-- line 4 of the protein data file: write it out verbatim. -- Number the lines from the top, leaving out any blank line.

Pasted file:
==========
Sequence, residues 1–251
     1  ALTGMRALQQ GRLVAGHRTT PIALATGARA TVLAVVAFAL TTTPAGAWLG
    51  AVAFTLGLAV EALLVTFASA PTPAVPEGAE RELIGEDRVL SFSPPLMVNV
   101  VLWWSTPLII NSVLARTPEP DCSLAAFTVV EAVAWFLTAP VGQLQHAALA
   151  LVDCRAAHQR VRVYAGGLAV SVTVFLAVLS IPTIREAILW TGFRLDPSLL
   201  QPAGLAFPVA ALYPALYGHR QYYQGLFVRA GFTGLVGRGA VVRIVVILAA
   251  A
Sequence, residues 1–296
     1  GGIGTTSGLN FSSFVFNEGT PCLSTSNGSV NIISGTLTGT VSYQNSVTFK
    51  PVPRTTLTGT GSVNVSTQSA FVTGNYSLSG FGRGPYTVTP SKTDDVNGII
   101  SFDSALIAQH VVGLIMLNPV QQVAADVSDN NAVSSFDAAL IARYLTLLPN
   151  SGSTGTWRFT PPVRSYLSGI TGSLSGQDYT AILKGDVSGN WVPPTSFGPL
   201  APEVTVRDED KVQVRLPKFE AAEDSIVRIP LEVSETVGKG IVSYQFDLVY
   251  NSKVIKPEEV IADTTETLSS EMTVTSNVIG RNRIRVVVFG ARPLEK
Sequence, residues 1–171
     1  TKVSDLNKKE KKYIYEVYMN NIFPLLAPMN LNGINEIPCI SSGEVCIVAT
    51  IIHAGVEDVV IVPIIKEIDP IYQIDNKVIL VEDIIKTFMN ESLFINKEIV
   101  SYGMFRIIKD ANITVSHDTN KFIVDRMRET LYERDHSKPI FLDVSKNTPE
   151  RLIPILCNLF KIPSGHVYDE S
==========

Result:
   101  VLWWSTPLII NSVLARTPEP DCSLAAFTVV EAVAWFLTAP VGQLQHAALA